Antifascist demonstration

November 26, 2006 at 3:43 pm | Posted in Uncategorized | Leave a comment
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Once in a blue moon, there is an antifascist demonstration here in Dornburn.They normally gather at the station (Bahnhof) and as I live in the Bahnhofstraße, they always pass my house. This time I noticed them convening when I walked my brother to the station. I quite like being around left-wing teenagers (if they’re not too drunk;-), although meanwhile I probably look like a bourgeois cow to them. I mingled a bit with the crowd and then went home, thinking about calling Daniel to join me for the demonstration, but made up my mind again. They were already passing my house, so I just joined them.

The sight of roughly two to three hundred teenagers to young adults in full alternative gear has something incredibly refreshing to me:-))) Myself, I was dressed in my pink tartan coat and a pink silk scarf with roses, but actually appreciated the difference. The last time I wore a Palestinian scarf (that the English term for “Palituch”?) myself is well 15 years ago, and I suppose me and my friends didn’t look much different back then (except for the fact that “we” were not as heavily pierced nor tattooed).

Yet, at the present day, I thought it was even more important that a few bourgeois looking people joined the crowd. As a matter of fact, it is a shame how few of the people looking on actually did join (a dozen?). A demonstration against Nazis is in my view a gathering that every citizen is obliged to join, out of decency.

I had two interesting encounters during the demonstration: A guy in his mid-twenties who sold me a socialist pamphlet for € 1,50 and then wanted to know where I came from. Told him from Cologne and that I’d be working here now. Apparently he knew someone from the SSK (Sozialistische Selbsthilfe Köln), a woman whom he had meet on an internship in Vienna. He then asked me where I’d be doing my internship here in Vorradelberg… sweet.

The same comment, yet upside down, was administered to me by another of those pamphlet vendors who wanted my email address so that they could send me updates about the next demonstration, explaining that it would be difficult to keep in touch with “older people”, because the Antifa was a youth movement :-))

The walk through Dornburn took about an hour. I walked close to the float where they had propped up loudspeakers, playing what seemed to be the current antifascist hymns. I really digged the music! Would they be offended if I asked them for a playlist? 🙂

Three people gave speeches on the market place, unfortunately neither of them was a gifted speaker – I thought that this was probably one of the differences between current and past left-wing demonstrations. The youngsters now probably have better music (thanks to better equipment, that is), but we had better speakers 🙂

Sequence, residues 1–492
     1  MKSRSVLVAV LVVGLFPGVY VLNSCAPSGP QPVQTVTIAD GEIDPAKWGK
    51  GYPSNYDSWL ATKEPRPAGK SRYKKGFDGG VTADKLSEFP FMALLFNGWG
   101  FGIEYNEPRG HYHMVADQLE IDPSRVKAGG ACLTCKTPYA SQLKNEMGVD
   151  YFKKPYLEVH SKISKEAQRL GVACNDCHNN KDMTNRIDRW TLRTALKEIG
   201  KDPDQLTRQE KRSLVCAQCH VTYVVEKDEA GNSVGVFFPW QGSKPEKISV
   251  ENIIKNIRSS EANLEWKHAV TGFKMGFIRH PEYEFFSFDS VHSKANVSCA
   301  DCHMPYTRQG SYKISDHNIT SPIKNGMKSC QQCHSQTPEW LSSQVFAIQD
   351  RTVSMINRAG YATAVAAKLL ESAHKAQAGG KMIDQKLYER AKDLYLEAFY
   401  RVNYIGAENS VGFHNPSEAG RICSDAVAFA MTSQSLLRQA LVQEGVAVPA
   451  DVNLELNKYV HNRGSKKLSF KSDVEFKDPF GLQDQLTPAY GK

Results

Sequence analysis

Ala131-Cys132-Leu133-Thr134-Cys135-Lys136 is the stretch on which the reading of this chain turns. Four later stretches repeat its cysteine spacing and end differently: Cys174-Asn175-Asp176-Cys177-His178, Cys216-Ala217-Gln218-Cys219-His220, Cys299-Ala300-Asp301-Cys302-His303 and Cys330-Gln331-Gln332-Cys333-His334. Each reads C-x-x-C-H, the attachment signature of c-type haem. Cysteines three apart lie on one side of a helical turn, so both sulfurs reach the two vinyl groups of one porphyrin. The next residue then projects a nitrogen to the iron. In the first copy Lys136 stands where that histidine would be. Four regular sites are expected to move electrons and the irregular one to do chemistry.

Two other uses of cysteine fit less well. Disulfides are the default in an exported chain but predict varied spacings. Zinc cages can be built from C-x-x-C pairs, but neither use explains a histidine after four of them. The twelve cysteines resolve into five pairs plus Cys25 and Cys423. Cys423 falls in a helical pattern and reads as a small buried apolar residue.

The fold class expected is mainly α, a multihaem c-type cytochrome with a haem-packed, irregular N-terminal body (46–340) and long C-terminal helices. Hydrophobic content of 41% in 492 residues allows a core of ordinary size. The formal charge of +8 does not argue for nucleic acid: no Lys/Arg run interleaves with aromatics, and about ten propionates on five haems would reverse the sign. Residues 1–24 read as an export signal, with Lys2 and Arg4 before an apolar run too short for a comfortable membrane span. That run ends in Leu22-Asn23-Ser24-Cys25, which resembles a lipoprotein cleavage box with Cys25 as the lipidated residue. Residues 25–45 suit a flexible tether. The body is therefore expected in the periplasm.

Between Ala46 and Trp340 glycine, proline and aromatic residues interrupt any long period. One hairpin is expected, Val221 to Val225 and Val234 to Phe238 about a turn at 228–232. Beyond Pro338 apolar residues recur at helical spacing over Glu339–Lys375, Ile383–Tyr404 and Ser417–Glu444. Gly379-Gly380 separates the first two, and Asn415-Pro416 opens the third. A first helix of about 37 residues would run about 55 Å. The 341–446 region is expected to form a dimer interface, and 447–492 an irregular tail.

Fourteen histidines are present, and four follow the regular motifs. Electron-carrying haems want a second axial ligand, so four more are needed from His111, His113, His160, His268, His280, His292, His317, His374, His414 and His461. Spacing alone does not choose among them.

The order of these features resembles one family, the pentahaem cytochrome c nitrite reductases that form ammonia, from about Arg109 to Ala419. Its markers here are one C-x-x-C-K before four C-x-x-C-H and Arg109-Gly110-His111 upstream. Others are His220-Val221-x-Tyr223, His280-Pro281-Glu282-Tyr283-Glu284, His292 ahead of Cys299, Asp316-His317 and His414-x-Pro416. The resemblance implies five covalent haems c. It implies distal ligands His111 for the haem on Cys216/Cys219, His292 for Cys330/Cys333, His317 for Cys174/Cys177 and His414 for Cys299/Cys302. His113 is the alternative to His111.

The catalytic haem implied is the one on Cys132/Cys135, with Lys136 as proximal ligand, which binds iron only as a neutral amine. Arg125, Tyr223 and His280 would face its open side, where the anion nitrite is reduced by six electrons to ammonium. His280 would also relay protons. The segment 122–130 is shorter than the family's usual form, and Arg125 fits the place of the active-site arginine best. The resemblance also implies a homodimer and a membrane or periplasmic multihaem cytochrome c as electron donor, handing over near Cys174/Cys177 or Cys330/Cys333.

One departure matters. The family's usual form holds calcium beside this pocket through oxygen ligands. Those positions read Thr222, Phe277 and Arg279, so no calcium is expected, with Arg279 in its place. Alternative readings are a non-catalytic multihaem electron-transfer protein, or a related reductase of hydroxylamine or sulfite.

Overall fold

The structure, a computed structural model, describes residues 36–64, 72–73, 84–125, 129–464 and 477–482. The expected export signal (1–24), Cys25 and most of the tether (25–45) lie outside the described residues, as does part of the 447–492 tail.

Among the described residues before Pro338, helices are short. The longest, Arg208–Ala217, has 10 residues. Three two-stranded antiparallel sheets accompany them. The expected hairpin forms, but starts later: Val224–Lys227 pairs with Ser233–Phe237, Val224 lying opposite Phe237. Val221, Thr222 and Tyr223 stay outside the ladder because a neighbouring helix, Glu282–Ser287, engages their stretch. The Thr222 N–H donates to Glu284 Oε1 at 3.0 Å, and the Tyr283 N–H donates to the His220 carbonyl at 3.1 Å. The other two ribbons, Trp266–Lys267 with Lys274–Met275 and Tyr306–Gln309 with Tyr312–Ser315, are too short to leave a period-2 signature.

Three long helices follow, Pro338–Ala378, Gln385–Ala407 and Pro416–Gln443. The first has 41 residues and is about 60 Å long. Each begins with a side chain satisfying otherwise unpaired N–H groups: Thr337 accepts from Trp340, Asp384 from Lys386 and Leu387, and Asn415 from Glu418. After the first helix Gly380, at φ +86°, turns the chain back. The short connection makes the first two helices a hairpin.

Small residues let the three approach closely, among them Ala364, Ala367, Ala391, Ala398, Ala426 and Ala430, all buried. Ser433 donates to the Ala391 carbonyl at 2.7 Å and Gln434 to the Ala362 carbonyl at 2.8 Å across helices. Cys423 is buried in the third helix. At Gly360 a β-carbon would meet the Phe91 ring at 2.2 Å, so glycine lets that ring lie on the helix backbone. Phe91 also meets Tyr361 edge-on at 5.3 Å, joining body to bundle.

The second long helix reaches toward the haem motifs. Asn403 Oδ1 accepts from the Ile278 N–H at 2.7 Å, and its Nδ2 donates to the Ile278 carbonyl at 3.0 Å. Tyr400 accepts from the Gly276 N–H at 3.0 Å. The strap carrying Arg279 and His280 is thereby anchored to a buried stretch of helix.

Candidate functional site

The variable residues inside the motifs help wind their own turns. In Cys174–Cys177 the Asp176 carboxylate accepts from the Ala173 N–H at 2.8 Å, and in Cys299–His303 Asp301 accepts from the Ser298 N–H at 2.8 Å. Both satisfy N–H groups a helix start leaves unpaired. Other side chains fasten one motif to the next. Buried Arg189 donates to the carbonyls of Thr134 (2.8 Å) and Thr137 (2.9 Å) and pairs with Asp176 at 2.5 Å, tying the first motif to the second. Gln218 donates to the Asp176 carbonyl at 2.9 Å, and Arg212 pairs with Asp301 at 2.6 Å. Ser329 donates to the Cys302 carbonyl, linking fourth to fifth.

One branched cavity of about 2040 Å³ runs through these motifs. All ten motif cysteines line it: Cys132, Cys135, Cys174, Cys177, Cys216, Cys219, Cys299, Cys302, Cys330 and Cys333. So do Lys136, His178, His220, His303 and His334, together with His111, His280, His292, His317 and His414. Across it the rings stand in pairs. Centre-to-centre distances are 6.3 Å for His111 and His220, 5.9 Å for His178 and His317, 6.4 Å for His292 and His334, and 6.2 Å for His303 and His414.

At one point, a couple of Nazis dared to flash their bald heads and were immediately chased by the crowd – but the police jumped to their protection just as quickly. Eventually they were caught up in a hallway leading up to a bar called John’s. The police didn’t let any demonstrators in, and the Nazis were to stupid to get out (apparently, there was a way out at the back).

I wonder whether all of the demonstrators will grow up to be assimilated, just like most of us. As a crowd, we were distinctly leftist back then, as individuals we were probably the result of our environment more than anything else. Being a leftist (“Linker”) was somehow one of the things to do in Bad Hersfeld if you hung out with people who liked to go to the “Zigeunerkeller” and to “Ismet” (ould have been either that or being part of the posh crew who had the money to drive to and go out in Frankfurt). It was probably easier being left-wing than being nothing, in particular if your parents were not loaded. But if your parents were teachers, it was also not unlikely that you’d end up there – if your parents went to the same pubs as you, they could treat you to a free drink and a free ride home 😉

I don’t blame any of the youth today for being so unpolitical – my political spells are long gone, too. Nevertheless, it’s probably the only chance you’ll get at developing a political conscience: being young and being left-wing probably goes together better than being integrated into society (by means of the jobs we have, the flats we rent, the cars we drive) and being left-wing.

I think it was Kurt Tucholsky (and I am probably wrong) who said that being young obliges to be a socialist – and that being old and still a socialist means that you are stupid.

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